Irish News

Saturday 2 August 2014

Quinn says teachers heckling 'wasn't very enjoyable'

ASTI understands 'anger and high emotion' of teachers

Louise Kelly

Published 23/04/2014|09:08

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The president of the Association of Secondary Teachers Ireland (ASTI) said she understood the frustrations of hecklers during Minister for Education Ruairi Quinn’s speech at yesterday’s conference.

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Sally Maguire told RTE Radio 1 that she does not condone the behaviour of the some of the union members but the minister “hasn’t given any leeway on the Junior Cycle proposal”.

Yesterday, Mr Quinn was booed and heckled by ASTI members at their conference in Kilkenny over the issue of Junior Cert reform.

He also received a frosty reception when he addressed the Irish National Teachers' Organisation (INTO) conference in Wexford.

“People did sit and listen to what the Minister said but a lot of what he said was what he has been saying all along,” Maguire said, adding there is a lot of anger and high emotion among teachers at the moment. 

“We told him very clearly what we wanted yesterday  - and have been saying it very clearly all along. However, the minister appears to be not returning and that is very unfortunate.

There is a window of opportunity between now and September for the minister to return on some of his decisions and defer the Junior cycle for another year.”

According to the ASTI president, the exam system is one of the systems which the country has the most confidence on and so members may be reluctant to change their marking methods.

Maguire cites recent poll results that suggest that only 38pc of Irish adults have faith in the political system while as many as 78pc are confident in Ireland’s exam system.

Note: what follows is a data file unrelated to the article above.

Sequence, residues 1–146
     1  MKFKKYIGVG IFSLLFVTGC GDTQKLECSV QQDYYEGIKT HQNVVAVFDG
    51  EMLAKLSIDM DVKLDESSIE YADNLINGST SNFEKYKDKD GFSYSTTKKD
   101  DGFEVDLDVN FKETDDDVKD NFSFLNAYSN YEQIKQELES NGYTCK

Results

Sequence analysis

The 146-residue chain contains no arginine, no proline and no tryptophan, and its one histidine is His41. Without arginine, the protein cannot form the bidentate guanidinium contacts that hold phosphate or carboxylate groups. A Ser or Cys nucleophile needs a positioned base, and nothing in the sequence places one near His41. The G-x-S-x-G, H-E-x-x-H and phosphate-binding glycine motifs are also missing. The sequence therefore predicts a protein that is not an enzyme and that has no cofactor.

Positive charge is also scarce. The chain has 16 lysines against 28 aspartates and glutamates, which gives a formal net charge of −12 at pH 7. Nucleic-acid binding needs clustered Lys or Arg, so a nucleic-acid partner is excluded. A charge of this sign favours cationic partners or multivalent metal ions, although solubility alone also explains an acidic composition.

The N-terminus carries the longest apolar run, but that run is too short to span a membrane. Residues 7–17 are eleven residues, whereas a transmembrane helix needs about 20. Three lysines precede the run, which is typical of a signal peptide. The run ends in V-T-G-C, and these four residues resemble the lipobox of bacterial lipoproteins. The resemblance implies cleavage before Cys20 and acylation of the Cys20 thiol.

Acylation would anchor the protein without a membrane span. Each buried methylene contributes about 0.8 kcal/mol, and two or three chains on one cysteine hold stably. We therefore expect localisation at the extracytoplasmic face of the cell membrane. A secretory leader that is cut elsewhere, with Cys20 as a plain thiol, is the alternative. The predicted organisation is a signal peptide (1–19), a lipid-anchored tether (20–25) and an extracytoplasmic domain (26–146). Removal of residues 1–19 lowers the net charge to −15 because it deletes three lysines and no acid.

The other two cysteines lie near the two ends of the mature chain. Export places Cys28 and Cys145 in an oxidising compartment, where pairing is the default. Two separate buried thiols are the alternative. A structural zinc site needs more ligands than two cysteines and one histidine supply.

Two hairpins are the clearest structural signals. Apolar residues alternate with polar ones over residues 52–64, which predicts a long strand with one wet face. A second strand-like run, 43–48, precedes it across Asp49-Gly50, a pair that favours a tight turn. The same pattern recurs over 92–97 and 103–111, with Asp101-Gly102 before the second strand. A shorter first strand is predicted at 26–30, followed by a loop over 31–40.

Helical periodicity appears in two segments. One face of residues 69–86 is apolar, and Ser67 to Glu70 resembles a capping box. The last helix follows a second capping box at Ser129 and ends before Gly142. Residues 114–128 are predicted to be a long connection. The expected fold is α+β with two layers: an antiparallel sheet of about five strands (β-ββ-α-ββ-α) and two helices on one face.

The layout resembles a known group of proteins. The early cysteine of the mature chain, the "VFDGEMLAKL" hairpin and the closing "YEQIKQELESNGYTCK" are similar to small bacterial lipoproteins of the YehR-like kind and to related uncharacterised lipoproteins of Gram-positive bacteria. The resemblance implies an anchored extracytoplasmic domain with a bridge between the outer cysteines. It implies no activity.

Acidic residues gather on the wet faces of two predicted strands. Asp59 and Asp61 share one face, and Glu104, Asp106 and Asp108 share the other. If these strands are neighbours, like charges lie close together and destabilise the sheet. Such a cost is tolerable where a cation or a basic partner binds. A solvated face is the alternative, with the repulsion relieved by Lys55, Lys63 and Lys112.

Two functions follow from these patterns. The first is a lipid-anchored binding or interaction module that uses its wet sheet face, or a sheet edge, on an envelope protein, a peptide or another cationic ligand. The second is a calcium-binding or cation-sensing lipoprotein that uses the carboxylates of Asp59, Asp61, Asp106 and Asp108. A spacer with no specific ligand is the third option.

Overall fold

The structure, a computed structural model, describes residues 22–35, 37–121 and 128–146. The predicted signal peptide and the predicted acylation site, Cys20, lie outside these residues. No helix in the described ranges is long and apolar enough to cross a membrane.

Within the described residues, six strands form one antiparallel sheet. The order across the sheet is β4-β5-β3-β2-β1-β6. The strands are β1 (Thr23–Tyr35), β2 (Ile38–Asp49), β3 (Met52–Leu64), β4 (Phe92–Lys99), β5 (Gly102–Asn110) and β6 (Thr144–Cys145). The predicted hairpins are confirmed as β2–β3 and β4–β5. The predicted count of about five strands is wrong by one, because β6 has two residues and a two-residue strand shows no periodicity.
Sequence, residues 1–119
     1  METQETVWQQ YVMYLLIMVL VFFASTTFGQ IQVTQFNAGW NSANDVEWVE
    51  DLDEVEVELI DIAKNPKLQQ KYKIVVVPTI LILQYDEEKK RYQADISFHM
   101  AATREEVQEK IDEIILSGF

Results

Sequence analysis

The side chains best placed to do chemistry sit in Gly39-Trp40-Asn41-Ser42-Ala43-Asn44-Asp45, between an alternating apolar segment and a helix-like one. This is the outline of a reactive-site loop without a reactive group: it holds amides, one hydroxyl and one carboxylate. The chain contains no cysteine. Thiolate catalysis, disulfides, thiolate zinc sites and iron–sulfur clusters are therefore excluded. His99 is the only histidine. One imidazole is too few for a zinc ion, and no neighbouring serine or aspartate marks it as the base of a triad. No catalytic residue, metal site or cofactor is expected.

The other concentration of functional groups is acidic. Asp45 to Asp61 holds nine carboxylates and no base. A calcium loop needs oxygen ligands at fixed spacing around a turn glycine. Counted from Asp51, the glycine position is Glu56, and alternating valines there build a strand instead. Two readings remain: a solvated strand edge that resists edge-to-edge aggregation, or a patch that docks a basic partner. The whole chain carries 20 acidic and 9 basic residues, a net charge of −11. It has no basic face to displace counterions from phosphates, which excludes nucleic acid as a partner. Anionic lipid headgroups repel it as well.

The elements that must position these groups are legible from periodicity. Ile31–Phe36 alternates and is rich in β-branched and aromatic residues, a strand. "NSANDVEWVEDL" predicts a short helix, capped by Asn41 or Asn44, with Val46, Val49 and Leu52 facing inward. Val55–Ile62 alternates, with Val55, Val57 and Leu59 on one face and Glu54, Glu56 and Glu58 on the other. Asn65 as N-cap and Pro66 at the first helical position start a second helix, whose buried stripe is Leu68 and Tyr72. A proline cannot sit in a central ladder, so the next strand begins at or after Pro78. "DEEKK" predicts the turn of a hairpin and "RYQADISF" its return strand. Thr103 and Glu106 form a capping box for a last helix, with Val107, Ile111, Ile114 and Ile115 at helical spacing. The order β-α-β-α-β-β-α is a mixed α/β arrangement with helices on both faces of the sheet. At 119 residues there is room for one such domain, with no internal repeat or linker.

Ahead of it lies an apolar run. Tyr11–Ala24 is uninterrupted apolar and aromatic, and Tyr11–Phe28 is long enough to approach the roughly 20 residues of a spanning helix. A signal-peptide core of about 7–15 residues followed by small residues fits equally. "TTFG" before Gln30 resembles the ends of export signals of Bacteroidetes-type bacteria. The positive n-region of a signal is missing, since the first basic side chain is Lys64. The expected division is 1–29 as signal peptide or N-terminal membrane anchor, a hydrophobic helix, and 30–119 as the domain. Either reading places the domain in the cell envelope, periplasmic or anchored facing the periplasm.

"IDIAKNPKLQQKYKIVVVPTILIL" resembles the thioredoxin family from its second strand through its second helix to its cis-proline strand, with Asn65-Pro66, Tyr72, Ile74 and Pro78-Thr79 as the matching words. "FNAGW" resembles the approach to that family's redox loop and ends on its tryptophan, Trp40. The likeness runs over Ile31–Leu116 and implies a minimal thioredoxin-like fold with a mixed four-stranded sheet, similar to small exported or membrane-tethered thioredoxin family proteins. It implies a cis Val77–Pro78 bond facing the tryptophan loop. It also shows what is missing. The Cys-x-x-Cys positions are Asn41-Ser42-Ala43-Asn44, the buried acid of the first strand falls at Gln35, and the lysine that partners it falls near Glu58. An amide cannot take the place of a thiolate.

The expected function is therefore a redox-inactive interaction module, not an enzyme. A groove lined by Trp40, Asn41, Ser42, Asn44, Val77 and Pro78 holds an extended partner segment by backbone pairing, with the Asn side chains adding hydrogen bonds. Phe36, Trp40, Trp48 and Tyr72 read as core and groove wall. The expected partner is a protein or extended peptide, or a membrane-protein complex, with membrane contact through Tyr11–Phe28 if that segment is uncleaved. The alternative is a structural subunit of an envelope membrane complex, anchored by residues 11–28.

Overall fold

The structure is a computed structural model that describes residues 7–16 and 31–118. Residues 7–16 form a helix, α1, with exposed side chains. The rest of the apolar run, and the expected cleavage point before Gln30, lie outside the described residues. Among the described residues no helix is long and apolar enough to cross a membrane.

“Irish parents believe that the exam system is objective and  impartial; they want to hold on to that,” she said.

“There are a lot of good thing about the Junior cycle proposal. The teachers are very excited about it but the assessment proposal just overrides everything.”

“But there is huge pressure on Leaving Certificate students at this time of the  year. Their teachers have a great relationship with them and want to continue being their advocates.

They don’t want to be turned into their judges.”

Maguire has also confirmed that a merger between the country’s two second-level teachers’ unions TUI and ASTI is being considered.

"The TUI are talking about it, we're talking about it, and really it makes no sense to have two unions at second level, because most issues we're very united on.

"And I think it's time. Now, it's very early stages, but I do think it's time that we should be working on joining forces and becoming one strong union for all 27,000 second level teachers," Ms Maguire said.

Following the behaviour of some of their members yesterday, Minister Quinn said that ASTI must consider what impact this has on their image as a union.

Mr Quinn said that the experience "wasn't very enjoyable" for him and "it was difficult to keep talking".

"From that particular union, [heckling] goes back a long way. Even at times when there was a lot of money around," he told RTE Radio 1.

"They are an important group and I wanted to communicate with them but a small number were very disruptive. It was an opportunity to respond to this group but I think it is difficult to be treated in that way."

He reiterated that his department and the teachers unions "are still not in agreement" as to how the Junior Cycle programme is to be implemented.

"We are not going to defer the Junior Cycle. I have slowed down the programme so we have plenty of time to adjust," he said.

The minister added that his comments that girls make a conscious decision to drop honours maths before their leaving Cert, regardless of their ability, were misconstrued.

"I went off script and I believe my point was not fully understood," he said.

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